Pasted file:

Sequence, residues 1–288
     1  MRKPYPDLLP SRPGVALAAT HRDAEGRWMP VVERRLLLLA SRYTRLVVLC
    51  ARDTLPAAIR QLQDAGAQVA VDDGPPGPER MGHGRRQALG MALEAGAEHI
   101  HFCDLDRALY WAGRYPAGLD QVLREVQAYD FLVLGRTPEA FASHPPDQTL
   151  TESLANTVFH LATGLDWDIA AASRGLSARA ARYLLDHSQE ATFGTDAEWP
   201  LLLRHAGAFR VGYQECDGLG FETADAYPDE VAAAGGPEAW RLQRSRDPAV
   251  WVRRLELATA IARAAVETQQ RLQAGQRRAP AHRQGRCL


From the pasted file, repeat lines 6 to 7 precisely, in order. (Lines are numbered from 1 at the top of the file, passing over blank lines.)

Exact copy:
   201  LLLRHAGAFR VGYQECDGLG FETADAYPDE VAAAGGPEAW RLQRSRDPAV
   251  WVRRLELATA IARAAVETQQ RLQAGQRRAP AHRQGRCL